The Lego prosthetic arm that children can create and hack themselves

Designed with Lego’s Future Lab, the Danish toy company’s experimental research department, and Cirec, a Colombian foundation for physical rehabilitation, the modular prosthetic incorporates myoelectric sensors that register the activity of the muscle in the stump and send a signal to control movement in the attachment. A processing unit in the body of the prosthetic contains an engine compatible with Lego Mindstorms, the company’s robotics line, which lets the wearer build an extensive range of customised, programmable limbs.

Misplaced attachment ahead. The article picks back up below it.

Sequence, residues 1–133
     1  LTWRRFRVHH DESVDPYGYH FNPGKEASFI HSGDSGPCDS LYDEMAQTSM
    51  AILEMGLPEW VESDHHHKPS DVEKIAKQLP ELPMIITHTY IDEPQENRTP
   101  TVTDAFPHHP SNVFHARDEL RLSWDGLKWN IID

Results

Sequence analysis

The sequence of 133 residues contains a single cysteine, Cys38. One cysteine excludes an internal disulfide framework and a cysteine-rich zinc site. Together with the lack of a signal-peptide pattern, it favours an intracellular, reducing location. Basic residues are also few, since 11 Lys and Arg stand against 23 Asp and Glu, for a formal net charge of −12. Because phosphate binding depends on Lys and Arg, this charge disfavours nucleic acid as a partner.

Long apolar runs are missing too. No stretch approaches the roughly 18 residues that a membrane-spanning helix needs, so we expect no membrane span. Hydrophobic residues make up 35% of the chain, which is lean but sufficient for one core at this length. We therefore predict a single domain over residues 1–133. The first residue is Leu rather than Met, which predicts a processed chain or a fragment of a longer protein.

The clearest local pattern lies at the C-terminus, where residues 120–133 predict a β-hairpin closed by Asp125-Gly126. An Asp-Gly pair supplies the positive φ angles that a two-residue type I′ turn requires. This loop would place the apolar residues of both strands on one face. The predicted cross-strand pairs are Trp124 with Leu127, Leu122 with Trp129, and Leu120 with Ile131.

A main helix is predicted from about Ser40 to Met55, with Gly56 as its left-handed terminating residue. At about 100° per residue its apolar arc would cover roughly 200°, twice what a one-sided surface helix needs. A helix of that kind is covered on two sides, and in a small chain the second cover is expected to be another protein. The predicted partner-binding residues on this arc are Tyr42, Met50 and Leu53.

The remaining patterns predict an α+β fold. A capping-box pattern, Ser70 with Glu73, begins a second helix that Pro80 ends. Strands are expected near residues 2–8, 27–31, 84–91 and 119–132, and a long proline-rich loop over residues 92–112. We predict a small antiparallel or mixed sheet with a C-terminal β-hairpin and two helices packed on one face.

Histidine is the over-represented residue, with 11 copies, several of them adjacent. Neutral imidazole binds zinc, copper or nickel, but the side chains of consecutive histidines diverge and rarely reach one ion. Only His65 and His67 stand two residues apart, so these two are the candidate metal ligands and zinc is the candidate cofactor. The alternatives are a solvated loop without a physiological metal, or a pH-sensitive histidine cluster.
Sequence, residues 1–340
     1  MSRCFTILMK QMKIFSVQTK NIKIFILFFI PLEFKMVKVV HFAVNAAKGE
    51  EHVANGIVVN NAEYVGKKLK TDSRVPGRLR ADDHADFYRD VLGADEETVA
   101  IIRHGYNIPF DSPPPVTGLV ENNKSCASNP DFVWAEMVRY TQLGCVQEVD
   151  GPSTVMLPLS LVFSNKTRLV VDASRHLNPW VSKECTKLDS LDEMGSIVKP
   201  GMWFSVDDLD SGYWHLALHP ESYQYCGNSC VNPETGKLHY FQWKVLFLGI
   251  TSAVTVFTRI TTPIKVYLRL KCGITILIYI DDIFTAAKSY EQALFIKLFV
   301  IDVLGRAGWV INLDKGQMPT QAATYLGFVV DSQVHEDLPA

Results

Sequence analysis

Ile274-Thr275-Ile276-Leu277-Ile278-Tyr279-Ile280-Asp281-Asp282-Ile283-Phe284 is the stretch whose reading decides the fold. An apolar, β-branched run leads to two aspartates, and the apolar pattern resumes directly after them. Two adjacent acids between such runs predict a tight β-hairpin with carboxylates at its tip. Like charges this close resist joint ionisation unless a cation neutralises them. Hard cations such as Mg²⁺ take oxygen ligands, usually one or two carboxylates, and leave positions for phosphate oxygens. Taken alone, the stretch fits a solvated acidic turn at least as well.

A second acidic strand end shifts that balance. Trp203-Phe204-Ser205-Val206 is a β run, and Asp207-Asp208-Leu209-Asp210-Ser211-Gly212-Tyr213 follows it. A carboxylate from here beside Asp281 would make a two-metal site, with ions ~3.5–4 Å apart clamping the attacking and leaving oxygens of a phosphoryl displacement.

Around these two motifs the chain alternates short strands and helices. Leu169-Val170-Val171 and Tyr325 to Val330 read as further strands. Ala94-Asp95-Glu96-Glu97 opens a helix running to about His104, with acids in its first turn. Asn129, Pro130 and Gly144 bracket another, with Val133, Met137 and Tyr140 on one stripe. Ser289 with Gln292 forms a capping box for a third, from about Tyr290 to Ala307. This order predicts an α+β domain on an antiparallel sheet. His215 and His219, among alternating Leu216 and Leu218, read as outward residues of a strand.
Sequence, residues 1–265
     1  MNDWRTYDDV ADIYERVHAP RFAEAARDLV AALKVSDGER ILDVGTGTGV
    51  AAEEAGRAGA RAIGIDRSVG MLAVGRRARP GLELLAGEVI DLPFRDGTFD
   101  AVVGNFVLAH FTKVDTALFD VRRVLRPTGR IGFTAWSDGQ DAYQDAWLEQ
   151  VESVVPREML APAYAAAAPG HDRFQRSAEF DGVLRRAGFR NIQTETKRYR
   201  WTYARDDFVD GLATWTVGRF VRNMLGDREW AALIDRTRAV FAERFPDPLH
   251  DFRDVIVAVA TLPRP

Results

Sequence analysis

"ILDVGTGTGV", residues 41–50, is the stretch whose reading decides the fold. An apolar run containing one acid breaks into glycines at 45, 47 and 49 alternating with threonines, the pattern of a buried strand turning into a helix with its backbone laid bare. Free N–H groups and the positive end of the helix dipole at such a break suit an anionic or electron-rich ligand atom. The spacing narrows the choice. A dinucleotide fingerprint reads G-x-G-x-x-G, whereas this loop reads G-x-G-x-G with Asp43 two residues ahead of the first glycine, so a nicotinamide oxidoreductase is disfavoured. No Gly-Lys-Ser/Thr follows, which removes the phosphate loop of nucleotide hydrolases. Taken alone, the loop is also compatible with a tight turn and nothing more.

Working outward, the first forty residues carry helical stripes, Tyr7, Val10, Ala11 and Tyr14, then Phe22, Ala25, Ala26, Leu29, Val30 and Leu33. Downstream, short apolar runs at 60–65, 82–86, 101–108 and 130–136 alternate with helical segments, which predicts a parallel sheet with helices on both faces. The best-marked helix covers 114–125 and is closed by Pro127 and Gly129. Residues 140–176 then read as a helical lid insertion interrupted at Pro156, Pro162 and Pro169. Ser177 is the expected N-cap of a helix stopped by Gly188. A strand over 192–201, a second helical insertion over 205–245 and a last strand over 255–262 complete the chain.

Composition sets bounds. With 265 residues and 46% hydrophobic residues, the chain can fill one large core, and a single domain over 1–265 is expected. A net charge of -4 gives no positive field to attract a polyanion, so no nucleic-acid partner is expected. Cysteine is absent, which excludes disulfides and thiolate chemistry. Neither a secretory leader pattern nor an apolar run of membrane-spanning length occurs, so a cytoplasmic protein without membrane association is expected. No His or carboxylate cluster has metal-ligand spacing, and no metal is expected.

“There had to be a right balance between a playful experience and something functional,” says Torres, who recently won a Core 77 design award for the project. “Something that could allow kids to explore their creativity, something they could be proud of. Sometimes a functional element is everything they need – but at other times it might be a spaceship, a doll’s house, a telescope, a video game controller or a swim fin.”

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Why Lego Is Spending Millions To Ditch Oil-Based Plastic

Lego’s 57-year-old toy empire was built on plastic. But now the giant Danish toy company is investing millions into getting rid of it. By 2030, Lego bricks will no longer be made from ABS, the oil-based plastic in the 60 billion blocks the company makes each year.

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